Incidentally, the statistics of the prior model-minus-observations departures also provide an indication about the level of observation bias that the inversion can tolerate when assimilating these observations [Chevallier et al., 2005a]. Indeed, equation ((1) shows that biases in the observations drive the analysis if they are commensurate with the prior departures. Hence, biases should ideally be much smaller (e.g., tenfold smaller) than the departure statistics. This rule of thumb indicates that keeping the retrieval XCO2 systematic errors within a couple of tenths of a ppm is important for flux inversion using these data. The near closure of the posterior error budget suggests that the residual biases of ACOS retrievals, which have been already empirically corrected from gross biases, are not far from this target.
 The RMSs of the departures after assimilation of surface air sample measurements were shown to be less than 1.6 ppm and are marginally larger than the retrieval errors. They fairly agree with the theoretical error statistics that top them by a few tenths of ppm only. This systematic agreement in the six regions studied indicates that the inversion system correctly estimates that posterior uncertainties become negligible compared to the single-sounding retrieval errors and that the retrieval errors are fairly represented. The level of uncertainty of the GOSAT XCO2 data does not allow assessing the quality of further (in particular, a possible underestimation or overestimation by twofold can hardly be noticed), but these data provide a first factual evidence of its realism. The fact that the uncertainty of the simulated XCO2 field becomes negligible compared to retrieval errors, even over tropical lands, implies a high challenge for the current GOSAT data to complement the information provided by the current surface network. Finally, we note that the skewness of the posterior departures (which is dominated by retrieval errors) is less than 0.4 for the six regions defined in the paper, which suggests that modeling the retrieval errors by a normal distribution is a fair assumption.
 We have seen that the assimilation of surface air sample observations does improve the simulation of the total column. The inversion system fairly represents the actual values of the uncertainty reduction for the simulation of the GOSAT data (16–18%), even slightly underestimating them, except in the midlatitude oceans where no error reduction is seen in practice. Based on the GOSAT data only, it is not possible to identify what, in the inversion setup, prevents the error reduction over the midlatitude oceans; it could be too large prior flux errors assigned over the midlatitude oceans or transport inaccuracies between these oceans and the surface stations, which would not be well reflected in the surface observation errors. The good agreement obtained over the rest of the globe without any tuning shows that an inversion system can, in principle, yield reliable error statistics at the large flux scale that corresponds to the imprint of column measurements even within a Gaussian linear framework and therefore fairly diagnose its strengths and weaknesses. Finally, we argue that consistency checks of the inversion error statistics, like those presented here, should be part of the standard evaluation toolbox of atmospheric inversions. We suggest that this error analysis framework could be usefully applied to most carbon flux inversion systems which are confronted with multiple data sources.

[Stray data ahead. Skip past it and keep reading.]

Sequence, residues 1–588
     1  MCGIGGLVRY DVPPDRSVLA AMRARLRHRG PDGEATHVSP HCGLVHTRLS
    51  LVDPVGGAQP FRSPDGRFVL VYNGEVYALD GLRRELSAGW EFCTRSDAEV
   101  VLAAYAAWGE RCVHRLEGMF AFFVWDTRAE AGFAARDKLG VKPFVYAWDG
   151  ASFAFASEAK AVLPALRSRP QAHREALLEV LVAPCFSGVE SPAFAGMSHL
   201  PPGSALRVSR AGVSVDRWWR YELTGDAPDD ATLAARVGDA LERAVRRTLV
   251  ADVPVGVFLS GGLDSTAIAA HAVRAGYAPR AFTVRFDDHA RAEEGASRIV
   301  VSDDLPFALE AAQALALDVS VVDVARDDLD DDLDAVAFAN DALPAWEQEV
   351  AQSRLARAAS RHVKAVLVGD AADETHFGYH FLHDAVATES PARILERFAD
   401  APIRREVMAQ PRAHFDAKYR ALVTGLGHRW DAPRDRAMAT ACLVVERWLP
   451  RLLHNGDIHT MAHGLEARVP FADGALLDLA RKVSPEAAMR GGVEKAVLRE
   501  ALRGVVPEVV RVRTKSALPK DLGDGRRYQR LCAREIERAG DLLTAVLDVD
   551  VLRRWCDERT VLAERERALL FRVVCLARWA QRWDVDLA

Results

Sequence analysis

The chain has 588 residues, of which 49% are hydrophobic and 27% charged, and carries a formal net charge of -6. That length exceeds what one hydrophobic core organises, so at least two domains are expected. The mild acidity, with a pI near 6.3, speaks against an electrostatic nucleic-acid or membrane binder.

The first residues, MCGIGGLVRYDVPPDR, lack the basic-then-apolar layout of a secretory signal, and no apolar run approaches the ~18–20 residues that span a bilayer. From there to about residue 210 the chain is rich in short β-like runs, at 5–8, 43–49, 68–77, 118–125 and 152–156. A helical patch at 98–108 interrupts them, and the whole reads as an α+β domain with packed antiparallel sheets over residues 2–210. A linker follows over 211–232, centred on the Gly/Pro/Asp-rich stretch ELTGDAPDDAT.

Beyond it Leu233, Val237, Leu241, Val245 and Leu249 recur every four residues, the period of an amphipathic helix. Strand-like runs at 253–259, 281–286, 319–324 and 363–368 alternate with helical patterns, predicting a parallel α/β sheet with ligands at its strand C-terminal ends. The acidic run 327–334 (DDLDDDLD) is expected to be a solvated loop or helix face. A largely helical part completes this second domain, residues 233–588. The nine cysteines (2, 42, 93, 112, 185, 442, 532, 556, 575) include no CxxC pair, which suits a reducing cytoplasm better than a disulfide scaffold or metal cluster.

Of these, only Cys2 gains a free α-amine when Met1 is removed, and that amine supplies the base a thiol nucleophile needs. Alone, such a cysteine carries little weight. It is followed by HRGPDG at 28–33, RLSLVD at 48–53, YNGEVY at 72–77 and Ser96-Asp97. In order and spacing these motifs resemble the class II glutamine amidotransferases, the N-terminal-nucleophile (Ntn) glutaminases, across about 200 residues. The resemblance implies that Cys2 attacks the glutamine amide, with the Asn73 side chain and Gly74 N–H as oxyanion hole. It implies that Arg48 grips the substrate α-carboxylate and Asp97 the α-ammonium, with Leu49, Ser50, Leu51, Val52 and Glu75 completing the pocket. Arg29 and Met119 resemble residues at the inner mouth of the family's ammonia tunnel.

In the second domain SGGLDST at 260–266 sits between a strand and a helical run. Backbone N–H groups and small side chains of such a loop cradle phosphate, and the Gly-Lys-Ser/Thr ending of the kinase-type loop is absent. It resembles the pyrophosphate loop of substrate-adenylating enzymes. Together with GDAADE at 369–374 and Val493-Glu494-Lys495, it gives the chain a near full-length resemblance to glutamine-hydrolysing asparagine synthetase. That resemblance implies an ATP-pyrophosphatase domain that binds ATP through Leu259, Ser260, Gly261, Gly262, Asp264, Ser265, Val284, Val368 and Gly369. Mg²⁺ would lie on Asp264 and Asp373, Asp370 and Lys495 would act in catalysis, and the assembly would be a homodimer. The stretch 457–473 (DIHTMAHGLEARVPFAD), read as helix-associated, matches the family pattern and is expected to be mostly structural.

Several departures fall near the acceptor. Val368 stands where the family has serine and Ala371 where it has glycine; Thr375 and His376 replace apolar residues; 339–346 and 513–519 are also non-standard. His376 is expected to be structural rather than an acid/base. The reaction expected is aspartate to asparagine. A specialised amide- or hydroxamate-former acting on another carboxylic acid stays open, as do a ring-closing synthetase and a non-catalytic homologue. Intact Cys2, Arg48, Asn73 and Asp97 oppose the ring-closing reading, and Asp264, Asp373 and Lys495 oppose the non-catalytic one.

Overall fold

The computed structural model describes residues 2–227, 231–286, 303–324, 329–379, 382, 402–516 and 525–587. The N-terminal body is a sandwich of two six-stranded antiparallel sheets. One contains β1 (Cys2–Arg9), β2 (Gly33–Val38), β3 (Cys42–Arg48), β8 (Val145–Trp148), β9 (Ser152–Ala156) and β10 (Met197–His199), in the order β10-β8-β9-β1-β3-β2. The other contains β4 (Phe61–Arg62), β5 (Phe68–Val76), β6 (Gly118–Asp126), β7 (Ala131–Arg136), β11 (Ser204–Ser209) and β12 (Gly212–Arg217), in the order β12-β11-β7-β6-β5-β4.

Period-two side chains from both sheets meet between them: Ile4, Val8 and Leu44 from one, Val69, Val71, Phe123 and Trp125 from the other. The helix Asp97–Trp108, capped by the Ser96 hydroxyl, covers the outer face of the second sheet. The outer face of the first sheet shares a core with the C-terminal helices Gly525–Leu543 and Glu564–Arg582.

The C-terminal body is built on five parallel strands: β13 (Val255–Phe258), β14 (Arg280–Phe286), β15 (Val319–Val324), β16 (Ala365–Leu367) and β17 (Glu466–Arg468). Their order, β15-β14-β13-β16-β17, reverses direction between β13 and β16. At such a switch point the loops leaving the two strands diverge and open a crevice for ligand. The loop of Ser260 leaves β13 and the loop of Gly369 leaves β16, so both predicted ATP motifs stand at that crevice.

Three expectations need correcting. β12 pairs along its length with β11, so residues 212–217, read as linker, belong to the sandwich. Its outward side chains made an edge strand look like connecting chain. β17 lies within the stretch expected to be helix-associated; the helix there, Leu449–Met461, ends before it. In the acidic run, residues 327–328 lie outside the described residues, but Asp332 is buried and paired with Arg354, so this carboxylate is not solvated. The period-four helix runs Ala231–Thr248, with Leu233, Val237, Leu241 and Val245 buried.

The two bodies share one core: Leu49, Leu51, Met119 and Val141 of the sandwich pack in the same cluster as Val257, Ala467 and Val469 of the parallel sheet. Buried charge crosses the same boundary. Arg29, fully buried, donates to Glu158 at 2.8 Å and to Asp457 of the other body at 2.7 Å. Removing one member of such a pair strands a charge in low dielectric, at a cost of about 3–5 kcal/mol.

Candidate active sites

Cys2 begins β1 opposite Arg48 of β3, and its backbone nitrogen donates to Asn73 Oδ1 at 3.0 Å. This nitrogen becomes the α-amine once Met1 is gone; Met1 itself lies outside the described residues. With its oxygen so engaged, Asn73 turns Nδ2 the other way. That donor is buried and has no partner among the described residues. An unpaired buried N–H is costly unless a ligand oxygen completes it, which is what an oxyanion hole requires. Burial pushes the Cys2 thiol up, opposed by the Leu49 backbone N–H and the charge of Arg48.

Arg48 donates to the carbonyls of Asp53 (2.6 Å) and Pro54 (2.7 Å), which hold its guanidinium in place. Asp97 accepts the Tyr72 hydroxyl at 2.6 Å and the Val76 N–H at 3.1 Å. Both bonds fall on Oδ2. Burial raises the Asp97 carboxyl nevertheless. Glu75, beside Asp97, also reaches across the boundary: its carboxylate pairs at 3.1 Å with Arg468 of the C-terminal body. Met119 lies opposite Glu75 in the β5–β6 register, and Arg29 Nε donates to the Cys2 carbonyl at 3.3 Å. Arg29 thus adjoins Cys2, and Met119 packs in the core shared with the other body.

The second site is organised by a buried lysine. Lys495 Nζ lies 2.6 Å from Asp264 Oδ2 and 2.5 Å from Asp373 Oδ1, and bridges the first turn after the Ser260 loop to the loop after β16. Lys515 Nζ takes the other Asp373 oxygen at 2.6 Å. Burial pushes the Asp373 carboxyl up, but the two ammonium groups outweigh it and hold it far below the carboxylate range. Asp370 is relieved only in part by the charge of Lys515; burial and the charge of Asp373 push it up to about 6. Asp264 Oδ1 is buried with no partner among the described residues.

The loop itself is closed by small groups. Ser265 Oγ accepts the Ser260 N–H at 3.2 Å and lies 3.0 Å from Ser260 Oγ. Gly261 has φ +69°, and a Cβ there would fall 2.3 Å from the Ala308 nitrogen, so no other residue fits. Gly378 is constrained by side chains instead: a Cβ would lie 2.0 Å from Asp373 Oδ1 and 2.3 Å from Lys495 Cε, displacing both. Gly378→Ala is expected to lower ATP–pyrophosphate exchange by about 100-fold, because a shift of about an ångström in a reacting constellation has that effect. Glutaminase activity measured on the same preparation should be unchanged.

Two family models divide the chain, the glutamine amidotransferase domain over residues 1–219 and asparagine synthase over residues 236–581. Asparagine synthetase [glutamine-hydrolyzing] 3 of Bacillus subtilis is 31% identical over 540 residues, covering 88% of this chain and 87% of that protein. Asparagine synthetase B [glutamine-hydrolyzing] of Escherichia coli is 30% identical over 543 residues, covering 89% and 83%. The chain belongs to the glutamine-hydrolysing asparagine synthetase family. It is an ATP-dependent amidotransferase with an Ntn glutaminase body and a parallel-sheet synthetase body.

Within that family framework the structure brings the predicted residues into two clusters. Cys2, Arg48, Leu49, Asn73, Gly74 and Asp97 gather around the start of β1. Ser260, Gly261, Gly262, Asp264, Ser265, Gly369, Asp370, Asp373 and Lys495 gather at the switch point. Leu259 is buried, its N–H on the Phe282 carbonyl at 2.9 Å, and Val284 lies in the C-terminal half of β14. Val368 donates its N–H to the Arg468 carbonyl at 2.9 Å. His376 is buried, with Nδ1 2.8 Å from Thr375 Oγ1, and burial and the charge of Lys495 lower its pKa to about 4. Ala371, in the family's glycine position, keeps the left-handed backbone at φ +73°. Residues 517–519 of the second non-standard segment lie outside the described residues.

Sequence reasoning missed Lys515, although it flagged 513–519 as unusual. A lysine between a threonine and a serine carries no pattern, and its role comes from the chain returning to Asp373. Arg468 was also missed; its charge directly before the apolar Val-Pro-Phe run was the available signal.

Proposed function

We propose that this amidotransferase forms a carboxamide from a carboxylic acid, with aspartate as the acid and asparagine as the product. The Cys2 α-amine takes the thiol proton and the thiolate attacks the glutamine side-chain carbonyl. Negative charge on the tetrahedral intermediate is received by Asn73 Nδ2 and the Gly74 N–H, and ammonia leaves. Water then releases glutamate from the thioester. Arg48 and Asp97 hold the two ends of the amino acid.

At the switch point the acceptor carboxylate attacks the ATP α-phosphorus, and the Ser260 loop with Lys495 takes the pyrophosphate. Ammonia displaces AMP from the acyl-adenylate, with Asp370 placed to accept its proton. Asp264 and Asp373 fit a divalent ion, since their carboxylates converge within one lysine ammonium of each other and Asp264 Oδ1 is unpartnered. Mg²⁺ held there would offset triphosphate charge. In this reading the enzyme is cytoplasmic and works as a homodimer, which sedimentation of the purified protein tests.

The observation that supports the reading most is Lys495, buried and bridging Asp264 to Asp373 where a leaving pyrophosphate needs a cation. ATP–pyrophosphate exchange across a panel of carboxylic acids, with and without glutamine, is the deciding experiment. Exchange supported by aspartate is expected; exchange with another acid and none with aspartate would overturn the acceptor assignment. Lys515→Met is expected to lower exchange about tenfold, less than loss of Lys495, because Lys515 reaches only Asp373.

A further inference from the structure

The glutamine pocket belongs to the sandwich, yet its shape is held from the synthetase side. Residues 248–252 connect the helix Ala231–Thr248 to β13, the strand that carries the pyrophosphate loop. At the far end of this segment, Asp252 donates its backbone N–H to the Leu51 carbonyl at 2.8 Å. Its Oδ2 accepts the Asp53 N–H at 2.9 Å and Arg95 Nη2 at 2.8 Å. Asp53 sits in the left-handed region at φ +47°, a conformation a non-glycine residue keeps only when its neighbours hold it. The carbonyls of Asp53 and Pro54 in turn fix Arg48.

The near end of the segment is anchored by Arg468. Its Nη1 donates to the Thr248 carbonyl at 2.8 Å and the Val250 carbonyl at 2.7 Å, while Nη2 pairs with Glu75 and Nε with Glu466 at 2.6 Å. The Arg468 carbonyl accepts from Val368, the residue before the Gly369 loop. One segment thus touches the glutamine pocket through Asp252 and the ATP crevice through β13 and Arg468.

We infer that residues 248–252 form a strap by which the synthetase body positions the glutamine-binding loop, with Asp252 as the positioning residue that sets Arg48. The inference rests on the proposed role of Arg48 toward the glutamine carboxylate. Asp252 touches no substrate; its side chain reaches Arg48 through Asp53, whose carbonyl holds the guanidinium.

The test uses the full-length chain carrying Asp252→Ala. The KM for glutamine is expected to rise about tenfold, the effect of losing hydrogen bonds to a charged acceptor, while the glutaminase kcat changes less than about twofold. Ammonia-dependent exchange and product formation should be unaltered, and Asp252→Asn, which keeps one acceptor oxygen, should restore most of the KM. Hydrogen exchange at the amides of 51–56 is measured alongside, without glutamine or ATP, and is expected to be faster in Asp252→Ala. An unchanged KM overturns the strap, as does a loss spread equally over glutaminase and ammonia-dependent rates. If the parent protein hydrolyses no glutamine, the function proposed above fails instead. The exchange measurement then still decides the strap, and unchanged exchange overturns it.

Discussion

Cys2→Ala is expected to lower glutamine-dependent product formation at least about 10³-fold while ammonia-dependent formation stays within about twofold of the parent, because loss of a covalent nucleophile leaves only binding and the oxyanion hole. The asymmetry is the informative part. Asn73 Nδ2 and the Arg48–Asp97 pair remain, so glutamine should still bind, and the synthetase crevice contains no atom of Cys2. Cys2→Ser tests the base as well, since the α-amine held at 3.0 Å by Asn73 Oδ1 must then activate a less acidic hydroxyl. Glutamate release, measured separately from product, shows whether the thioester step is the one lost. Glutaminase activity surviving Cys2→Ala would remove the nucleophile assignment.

The GOSAT team at JAXA/NIES/MOE provided the GOSAT TANSO-FTS level 1B data product input to the ACOS level 2 production process. The authors would like to acknowledge the work of the NASA ACOS project to create the XCO2 data and especially to acknowledge Paul Wennberg and David Crisp for their leadership in facilitating the NASA-GOSAT collaboration that underlies the ACOS project. This work was performed using HPC resources from DSM-CCRT and [CCRT/CINES/IDRIS] under the allocation 2012-t2012012201 made by GENCI (Grand Equipement National de Calcul Intensif). It was cofunded by the European Space Agency under the GHG-CCI project and the European Commission under the EU Seventh Research Framework Programme (grant agreement 283576, MACC II). CO is funded under a subcontract through the NASA Jet Propulsion Laboratory.